One of the greatest not-so-secret tips to getting someone at Gamezebo to try a game: put a cat in it. On any given day you can find a number of us tending our cat garden in Neko Atsume, pouncing on stars in Nekosan, having oddly intense kitten battles in Cat Puncher, or playing any of the other billion feline-influenced titles available on the App Store. So when we heard there was a game that let you slingshot kitties into their natural habitat, cardboard boxes, we shoved the cat off our lap and downloaded it immediately. (Just kidding; we asked our feline overlord politely if we could try a new game after giving him an obviously deserved treat.)
That game, Neko Zusaru, is about as simple as its translated title—“Sliding Kitties”—indicates. You pick a cat from your initial roster, such as white cat Shirotama who is “soft like a rubber ball” or feisty orange cat Toratama whose “signature phrase is ‘Let’s settle this with our fists.’” You then pick a room (there are only three currently and two must be unlocked) to slide in. You’ll receive an overhead view of the room and your chosen cat, with an open cardboard box waiting at the other end.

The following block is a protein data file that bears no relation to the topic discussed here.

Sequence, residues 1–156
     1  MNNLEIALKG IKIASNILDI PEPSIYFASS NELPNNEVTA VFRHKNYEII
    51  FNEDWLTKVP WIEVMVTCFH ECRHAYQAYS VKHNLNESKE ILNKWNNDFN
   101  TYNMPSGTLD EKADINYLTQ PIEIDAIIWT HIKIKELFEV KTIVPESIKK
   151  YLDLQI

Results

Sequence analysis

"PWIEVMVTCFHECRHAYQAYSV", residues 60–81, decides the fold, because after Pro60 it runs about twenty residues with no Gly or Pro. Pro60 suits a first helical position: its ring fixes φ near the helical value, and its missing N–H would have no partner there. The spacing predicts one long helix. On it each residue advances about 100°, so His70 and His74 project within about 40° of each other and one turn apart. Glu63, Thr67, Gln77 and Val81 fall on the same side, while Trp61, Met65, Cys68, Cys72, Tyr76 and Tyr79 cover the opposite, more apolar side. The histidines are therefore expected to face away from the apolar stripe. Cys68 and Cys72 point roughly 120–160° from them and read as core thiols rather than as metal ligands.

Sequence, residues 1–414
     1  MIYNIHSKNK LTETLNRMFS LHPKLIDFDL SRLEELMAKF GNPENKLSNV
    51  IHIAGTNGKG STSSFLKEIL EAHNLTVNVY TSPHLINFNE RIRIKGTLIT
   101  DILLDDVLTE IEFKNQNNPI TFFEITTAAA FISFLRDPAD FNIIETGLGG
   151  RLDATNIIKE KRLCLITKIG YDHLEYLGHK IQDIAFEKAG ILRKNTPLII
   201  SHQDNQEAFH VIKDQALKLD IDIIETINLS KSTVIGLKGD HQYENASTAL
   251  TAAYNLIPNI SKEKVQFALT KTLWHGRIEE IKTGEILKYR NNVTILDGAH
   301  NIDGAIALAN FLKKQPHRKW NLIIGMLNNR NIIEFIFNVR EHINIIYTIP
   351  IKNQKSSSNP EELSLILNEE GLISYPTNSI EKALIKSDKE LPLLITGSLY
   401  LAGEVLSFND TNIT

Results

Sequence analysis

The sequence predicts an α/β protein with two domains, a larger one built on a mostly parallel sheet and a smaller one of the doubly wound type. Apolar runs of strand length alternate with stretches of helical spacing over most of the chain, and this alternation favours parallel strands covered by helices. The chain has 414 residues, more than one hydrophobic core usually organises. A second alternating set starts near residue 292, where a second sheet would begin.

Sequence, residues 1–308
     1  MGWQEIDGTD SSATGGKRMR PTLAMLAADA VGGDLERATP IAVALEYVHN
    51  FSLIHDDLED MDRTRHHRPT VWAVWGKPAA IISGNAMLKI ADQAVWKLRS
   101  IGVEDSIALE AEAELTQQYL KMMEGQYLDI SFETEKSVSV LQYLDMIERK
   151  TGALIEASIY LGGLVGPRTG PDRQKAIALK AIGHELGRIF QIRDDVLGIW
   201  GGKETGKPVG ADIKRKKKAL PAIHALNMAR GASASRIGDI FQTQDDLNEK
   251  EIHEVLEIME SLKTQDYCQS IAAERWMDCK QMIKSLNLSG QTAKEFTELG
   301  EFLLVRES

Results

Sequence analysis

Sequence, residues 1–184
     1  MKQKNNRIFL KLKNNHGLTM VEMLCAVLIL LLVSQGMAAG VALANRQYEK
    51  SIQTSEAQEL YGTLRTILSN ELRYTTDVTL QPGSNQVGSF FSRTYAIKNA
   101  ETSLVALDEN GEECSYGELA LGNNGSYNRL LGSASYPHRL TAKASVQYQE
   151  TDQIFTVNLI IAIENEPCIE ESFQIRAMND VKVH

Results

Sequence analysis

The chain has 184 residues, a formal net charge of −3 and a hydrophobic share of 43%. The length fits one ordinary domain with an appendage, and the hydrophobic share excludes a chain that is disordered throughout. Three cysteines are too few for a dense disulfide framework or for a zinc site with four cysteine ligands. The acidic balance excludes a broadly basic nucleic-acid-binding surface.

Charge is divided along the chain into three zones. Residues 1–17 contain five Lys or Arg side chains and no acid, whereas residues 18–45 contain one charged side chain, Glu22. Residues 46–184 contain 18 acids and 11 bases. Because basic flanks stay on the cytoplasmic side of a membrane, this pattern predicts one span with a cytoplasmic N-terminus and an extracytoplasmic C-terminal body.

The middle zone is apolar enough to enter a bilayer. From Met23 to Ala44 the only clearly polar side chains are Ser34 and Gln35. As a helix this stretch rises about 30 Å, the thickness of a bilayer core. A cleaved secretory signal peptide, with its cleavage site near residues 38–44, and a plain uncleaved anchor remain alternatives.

Your goal is to stretch the cat back and fling it into the cardboard box, bouncing off furniture and other obstacles as necessary. It’s sort of like cat bocce, with your reward being an adorable back half of a cat happily sticking out of a box after a successful slide. Even a failed launch is still fun as you get to watch your cat blob bounce around the room and make little meows each time he hits a chair or cushion.
You can unlock larger and more challenging rooms by successfully landing in the box a certain number of times, or you can collect new kitties by snagging their favorite item when it shows up in a room. For instance, you might notice a carrot lying near the television and aim for that instead of the box—collect enough carrots this way and you’ll unlock the bunny-looking cat. (There are actually a lot of bizarre cat-hybrids available in the collection that we can’t quite explain, like the bandaged and bloodied kitty or the one that honestly looks like a cat-faced-Roomba.)
It’s bizarre in that lovable and inexplicable way so many Japanese games are, and while its simple gameplay likely won’t earn it a permanent place on most devices, we’ve been consistently coming back all week for a few more kitty-sliding sessions. Just collecting new cats (who each have a speed, weight, and fluffiness rating in addition to their personal bios) is its own draw, but banking a cat off a couch into a backwards box over one of many adorably cat-patterned rugs has a charm that’s hard to resist.